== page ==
Fluid flow in the subsurface occurs in both porous rock matrices and in open fractures. Matrix flow is conventionally modelled in 3D cellular grids through which fluid flow is modelled in finite difference simulators. Such simulators are poorly designed to address flow in fractures, particularly in situations where fractures are not pervasive such as in fault damage zones or in tensile fracture swarms, in which length scales, and hence required cell sizes, vary dramatically. Although such features are extremely common in nature, flow though these networks is poorly captured using conventional modelling techniques yet forecasting flow in the subsurface is fundamental in resource industries.
New techniques of surface-based modelling (Rapid Reservoir Modelling, ‘RRM’) have been developed at Heriot-Watt IPE in collaboration with other institutions and have a clear application to the problem of fluid flow in irregular fractures networks, currently unexplored. It is proposed to apply these techniques (or others) with a view to developing new workflows with practical application to improve forecasts of subsurface flow in irregularly fractured media.
The work has application in oil and gas field production, particularly in mature fields where pressure differentials over the field life cycle have created or enhanced flow through fracture systems. There is therefore a synergy with the new Masters Programme at IPE in Mature Field Management. The work also applies to fracture networks hosting geothermal systems and therefore applies equally to post-carbon subsurface energy provision, a core topic of research in IPE and the Lyell Centre.
The work would involve:
- a review of existing techniques for quantifying fluid flow in fractures, covering hydrocarbon, geothermal and water industries - generalisation of generic fracture network geometries based on suitable field analogues, including effective network properties and length scales; - the application of new surface-based techniques for modelling these networks under differing fluid conditions (single and multi-phase) and - benchmarking vs. current fracture modelling options. The objective is to improve our capacity to predict fluid flow in subsurface energy management, and is focussed equally on the carbon and post-carbon eras.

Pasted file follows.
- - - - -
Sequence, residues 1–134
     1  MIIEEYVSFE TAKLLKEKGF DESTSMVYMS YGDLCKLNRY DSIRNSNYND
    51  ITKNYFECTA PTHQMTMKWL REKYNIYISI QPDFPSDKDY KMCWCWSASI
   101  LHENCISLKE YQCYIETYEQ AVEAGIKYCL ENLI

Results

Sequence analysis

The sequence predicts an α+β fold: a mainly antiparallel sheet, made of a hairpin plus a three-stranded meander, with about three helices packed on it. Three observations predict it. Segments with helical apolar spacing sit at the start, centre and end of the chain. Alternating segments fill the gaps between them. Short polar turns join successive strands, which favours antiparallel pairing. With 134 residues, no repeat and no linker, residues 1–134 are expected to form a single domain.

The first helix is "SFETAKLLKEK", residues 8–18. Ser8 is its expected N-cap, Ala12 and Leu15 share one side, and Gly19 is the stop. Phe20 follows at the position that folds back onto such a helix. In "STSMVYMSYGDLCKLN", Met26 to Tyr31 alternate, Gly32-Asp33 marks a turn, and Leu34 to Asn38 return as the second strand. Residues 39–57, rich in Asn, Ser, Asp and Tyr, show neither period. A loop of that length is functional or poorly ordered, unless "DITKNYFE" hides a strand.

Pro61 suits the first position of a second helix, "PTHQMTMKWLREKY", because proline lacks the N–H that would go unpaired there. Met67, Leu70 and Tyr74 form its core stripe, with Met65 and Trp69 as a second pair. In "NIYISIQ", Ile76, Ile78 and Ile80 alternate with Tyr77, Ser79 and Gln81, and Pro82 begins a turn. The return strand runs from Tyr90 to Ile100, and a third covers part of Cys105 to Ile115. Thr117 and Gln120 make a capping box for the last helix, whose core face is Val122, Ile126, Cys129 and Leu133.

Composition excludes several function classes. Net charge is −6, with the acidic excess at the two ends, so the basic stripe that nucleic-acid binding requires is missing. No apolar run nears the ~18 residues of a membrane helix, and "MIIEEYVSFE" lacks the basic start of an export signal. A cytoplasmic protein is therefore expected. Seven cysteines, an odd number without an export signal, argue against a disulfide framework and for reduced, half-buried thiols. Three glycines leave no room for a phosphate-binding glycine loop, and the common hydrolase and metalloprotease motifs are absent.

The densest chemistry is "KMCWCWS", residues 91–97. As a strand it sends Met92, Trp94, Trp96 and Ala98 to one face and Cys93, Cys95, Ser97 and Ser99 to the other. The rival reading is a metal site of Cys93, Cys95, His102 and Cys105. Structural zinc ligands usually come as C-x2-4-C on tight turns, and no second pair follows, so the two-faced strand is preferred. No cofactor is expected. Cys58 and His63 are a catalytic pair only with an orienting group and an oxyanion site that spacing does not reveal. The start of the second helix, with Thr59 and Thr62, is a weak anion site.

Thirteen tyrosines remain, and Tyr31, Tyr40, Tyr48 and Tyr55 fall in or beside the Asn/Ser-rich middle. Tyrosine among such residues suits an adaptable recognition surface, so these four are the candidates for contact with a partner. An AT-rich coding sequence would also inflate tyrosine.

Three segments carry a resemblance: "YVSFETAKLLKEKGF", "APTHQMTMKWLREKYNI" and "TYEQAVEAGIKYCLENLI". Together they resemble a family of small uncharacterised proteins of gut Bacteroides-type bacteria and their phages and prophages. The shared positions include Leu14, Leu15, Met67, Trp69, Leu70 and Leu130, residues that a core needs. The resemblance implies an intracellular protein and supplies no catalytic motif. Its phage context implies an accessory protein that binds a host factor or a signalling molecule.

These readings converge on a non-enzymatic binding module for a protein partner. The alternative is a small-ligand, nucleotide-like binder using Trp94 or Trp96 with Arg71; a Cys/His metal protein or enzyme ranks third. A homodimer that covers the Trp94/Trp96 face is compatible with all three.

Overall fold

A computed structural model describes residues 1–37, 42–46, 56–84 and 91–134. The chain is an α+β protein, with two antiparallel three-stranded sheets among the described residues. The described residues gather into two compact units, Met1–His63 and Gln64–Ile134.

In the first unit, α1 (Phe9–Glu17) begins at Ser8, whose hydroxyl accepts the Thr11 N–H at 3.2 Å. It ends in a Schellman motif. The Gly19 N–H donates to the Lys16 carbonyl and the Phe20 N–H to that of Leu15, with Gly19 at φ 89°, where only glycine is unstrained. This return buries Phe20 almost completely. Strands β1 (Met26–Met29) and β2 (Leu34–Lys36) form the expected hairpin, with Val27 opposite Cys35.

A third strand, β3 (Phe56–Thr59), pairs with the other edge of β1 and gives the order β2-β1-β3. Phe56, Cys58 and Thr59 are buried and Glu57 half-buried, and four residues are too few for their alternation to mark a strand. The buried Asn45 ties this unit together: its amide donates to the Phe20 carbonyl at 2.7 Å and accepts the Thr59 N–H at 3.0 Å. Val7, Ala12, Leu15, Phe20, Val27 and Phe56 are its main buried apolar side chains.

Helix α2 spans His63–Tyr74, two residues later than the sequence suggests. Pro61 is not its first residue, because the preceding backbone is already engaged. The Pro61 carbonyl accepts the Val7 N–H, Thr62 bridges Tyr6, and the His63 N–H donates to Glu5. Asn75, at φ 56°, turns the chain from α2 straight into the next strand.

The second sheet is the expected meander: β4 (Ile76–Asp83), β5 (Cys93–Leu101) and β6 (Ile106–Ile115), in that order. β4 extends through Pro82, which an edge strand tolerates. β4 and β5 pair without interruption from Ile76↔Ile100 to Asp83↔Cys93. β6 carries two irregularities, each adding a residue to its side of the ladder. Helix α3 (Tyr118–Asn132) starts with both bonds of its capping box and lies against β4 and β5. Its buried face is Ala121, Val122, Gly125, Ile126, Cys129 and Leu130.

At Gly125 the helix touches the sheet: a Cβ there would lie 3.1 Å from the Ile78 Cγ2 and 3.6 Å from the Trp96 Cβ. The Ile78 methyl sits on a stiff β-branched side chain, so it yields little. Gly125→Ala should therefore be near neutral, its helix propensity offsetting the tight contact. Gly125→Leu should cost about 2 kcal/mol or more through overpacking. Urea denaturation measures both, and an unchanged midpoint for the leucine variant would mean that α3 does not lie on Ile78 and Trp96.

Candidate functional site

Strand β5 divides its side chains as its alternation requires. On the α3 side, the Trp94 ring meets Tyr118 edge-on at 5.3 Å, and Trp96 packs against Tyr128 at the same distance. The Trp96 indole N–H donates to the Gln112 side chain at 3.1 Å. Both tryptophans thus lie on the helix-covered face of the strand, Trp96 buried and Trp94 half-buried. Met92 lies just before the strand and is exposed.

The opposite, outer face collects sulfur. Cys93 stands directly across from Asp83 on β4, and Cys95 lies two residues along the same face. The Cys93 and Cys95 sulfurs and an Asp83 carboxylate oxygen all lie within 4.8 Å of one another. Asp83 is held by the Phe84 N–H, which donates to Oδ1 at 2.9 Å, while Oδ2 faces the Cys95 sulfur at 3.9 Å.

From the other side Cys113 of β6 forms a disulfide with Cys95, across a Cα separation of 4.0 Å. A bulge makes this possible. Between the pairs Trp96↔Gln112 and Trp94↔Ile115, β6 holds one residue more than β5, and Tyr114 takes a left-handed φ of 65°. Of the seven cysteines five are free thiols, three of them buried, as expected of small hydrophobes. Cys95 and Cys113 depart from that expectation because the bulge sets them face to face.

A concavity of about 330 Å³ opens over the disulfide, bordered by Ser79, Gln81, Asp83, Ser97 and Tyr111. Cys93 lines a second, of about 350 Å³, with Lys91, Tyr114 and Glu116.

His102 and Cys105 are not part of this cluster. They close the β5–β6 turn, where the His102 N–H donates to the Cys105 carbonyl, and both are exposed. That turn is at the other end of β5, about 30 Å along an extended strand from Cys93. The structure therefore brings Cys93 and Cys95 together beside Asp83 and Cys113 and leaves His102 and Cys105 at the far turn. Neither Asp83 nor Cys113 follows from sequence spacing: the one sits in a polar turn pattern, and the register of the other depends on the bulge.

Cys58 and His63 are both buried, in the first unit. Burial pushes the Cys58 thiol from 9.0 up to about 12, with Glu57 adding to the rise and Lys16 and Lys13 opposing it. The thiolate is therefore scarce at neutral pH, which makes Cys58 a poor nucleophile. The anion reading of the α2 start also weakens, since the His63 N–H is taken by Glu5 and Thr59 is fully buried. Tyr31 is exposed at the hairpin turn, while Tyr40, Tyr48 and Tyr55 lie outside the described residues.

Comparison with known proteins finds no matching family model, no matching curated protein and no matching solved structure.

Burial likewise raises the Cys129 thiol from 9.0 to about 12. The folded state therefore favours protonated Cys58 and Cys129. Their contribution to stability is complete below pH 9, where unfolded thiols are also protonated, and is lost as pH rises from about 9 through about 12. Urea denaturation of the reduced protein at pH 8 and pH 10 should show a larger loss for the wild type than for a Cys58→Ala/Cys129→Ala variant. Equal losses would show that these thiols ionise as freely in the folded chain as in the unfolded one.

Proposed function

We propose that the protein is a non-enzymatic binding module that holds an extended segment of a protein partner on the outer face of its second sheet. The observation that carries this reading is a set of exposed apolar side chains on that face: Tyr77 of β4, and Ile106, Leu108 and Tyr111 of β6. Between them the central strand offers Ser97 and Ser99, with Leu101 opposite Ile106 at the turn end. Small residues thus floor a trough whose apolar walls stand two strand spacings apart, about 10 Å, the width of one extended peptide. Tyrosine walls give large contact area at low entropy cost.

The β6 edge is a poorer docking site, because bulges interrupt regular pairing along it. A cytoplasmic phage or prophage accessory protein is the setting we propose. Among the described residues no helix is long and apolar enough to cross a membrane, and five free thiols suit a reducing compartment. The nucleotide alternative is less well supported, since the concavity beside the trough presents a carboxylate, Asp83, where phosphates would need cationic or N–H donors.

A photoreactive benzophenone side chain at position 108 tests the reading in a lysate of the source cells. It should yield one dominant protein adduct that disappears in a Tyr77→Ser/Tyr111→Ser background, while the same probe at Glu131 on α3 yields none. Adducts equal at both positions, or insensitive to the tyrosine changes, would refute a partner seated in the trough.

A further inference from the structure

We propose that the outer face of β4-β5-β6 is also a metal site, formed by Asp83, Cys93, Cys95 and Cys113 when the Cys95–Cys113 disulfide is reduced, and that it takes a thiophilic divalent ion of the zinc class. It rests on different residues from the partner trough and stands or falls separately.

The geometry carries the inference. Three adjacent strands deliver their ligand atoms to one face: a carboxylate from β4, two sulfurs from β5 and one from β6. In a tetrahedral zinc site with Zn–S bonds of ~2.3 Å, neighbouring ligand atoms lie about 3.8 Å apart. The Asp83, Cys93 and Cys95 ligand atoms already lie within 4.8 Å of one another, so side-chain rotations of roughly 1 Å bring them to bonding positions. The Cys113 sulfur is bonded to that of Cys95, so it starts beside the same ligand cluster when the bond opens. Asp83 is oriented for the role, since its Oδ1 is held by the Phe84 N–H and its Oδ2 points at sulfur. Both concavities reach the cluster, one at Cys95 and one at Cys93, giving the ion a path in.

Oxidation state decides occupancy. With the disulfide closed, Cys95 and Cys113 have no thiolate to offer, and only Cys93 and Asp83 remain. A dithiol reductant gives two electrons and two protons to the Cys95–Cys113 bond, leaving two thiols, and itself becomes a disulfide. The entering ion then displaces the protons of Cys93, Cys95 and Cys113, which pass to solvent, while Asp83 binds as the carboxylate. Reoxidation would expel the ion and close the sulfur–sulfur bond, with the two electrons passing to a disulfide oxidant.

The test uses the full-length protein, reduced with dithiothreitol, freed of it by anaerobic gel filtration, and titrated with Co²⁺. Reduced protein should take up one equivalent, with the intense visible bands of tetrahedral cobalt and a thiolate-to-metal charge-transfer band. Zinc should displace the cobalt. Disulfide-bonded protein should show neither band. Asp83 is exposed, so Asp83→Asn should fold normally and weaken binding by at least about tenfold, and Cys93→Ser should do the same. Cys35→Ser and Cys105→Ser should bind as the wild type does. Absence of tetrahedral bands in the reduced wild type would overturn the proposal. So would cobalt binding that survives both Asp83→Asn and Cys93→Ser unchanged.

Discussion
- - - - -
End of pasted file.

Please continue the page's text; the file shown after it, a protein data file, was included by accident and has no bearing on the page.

Informal enquiries should be directed to the primary supervisor, Dr Mark Bentley.
Applicants should have a first-class honours degree in a relevant subject or a 2.1 honours degree plus Masters (or equivalent). Scholarships will be awarded by competitive merit, taking into account the academic ability of the applicant.
Please complete our online application form and select PhD programme Petroleum Engineering, Petroleum Geoscience or Applied Geoscience and include the project reference, title and supervisor names on your application. Applicants who do not include these details on their application may not be considered.
Please also provide a written proposal, at least one side of A4, outlining how you would approach the research project. You will also be required to upload a CV, a copy of your degree certificate and relevant transcripts and one academic reference. You must also provide proof of your ability in the English language (if English is not your mother tongue or if you have not already studied for a degree that was taught in English). We require an IELTS certificate showing an overall score of at least 6.5 with no component scoring less than 6.0 or a TOEFL certificate with a minimum score of 90 points.
Applicants MUST be available to start the course of study in October 2019.
Scholarships will cover tuition fees and provide an annual stipend of approximately £14,999 for the 36 month duration of the project.